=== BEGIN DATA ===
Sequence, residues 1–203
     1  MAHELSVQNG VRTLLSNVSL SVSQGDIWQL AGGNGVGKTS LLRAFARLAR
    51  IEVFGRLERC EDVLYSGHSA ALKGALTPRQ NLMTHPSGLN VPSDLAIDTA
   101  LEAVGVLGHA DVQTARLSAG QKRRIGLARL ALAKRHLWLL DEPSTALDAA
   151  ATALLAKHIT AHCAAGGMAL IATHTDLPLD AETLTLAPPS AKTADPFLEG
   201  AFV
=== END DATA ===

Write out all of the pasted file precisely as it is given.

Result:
Sequence, residues 1–203
     1  MAHELSVQNG VRTLLSNVSL SVSQGDIWQL AGGNGVGKTS LLRAFARLAR
    51  IEVFGRLERC EDVLYSGHSA ALKGALTPRQ NLMTHPSGLN VPSDLAIDTA
   101  LEAVGVLGHA DVQTARLSAG QKRRIGLARL ALAKRHLWLL DEPSTALDAA
   151  ATALLAKHIT AHCAAGGMAL IATHTDLPLD AETLTLAPPS AKTADPFLEG
   201  AFV